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Linda Marangia: Higher education made her big dreams a reality

By Lisa Walton

Linda Marangia felt empowered by education. “I found out that there’s a way for me to not only help myself through education but to engage in a career that is meaningful."
Linda Marangia took an improbable course to Metro State and the chairmanship of the Department of Sociology and Anthropology.

Coming from a family that strongly adhered to traditional gender roles, education was never an expectation for her. “I’ve had to go against the stream of my background, my family, my neighborhood culture to seek higher education,” says Marangia, the granddaughter of immigrants and a first generation college student who grew up in a Sicilian neighborhood in Elizabeth, N.J.  

Yet, from an early age, Marangia says, she was a thinker, a questioner drawn to the world of the mind. “I saw the men around me dreaming big and I didn’t see the women around me dreaming big. And I thought, why not?”

Married right out of high school, Marangia began her academic career at a community college at age 25. She felt empowered by education. “I found out that there’s a way for me to not only help myself through education but to engage in a career that is meaningful, that can help other people embark on their own personal journeys through education,” Marangia says.

After completing her bachelor’s master’s and doctorate degrees in sociology at the University of Utah, she had a short stint at a Michigan university before joining Metro State in 1992

Social Action Through Arts
In 2000, she created a course called Sociology of Visual Arts. After the September 11 attacks, she revamped the curriculum from a discussion-based course about how art reflects the times to one aimed at facilitating social change and empowerment through arts and community outreach.

The class created a “peace flag” with messages and expressions from church and neighborhood groups, students and families centered on 9/11 and sent it to New York.

“As sociologists, we’re interested in what it meant to the people who participated in this. It’s not always [about] products—sometimes art is a process,” says Marangia. “I told the students, it’s not what happens to the peace flag, it’s the fact that you went out and engaged the community in a dialogue around 9/11.”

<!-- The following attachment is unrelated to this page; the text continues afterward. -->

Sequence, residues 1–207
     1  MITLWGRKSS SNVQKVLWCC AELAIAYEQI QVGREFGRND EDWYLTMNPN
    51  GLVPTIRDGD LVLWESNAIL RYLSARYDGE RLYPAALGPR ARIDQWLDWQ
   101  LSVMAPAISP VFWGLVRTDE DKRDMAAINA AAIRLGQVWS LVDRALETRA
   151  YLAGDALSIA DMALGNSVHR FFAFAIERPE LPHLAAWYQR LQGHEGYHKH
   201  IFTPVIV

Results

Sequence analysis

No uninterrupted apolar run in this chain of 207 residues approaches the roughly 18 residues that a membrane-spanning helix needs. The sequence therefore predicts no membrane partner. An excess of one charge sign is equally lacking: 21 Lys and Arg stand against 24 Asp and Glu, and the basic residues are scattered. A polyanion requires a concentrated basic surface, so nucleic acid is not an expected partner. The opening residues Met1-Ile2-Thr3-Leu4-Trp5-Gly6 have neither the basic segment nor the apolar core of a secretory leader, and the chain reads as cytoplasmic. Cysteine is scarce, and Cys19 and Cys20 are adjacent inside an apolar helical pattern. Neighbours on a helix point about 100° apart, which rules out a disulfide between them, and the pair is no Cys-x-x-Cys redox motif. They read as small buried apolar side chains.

The peace flag marked a shift in Marangia’s academic focus and resulted in the birth of Social Action Through Arts (SATA). For the next seven years, SATA would team up with local organizations to tackle and understand topics such as urban sprawl, conservation, urban gardening and seasonal migration and poverty. In 2008, Marangia became chair of the department and SATA became a 501(c) nonprofit organization renamed Community Collage: Arts Based Productions, based in Edgewater’s Jefferson High School.

Marangia is working on a grant to fund a new service learning project that would center on human services, tourism and socio-cultural awareness. Students would be trained and mentored by academics and community experts to be what Marangia calls “expert-supported global area hosts” -- essentially advanced hotel concierges -- who will work in the Hotel and Hospitality Learning Center. In addition to hotel-based tourism, the interdisciplinary training would incorporate sociology, anthropology, technical communication and business management.

For Marangia it’s important that her job extends beyond administrative duties. She wants to continue empowering, supporting and mentoring students in much the same way as she was.

“I’m interested in the fact that the students are seeking relevance in their education, that they’re here because they find a necessity for it…they want to do something,” Marangia says. “I very much connect to this student population in a lot of ways. That’s one of the reasons I feel so comfortable at this institution. I feel like I came from similar roots. I feel at home here.”


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